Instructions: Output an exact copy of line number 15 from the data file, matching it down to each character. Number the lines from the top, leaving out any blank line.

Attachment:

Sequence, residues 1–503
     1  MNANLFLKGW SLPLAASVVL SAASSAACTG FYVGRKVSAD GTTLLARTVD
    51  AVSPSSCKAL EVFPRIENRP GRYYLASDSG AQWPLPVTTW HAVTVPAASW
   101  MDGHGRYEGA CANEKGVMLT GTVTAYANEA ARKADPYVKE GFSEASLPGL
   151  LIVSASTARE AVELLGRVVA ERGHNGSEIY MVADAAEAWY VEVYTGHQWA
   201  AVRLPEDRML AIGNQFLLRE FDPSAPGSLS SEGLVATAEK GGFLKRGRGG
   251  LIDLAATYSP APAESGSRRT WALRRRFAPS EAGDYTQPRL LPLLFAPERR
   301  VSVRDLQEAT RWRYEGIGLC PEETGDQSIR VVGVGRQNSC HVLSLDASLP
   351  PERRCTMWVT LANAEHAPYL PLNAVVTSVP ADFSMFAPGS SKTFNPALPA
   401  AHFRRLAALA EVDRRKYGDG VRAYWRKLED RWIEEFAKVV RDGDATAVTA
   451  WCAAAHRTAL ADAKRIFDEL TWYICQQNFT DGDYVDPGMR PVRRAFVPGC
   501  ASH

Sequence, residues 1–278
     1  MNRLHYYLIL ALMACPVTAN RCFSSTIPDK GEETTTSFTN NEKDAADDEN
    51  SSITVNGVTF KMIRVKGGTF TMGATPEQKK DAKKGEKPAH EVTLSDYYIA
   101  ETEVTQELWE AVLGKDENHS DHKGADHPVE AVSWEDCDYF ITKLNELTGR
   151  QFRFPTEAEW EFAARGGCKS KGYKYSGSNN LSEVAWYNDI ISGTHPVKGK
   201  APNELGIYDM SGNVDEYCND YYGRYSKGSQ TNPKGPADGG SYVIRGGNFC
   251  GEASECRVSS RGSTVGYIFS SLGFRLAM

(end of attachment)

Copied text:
    51  SSITVNGVTF KMIRVKGGTF TMGATPEQKK DAKKGEKPAH EVTLSDYYIA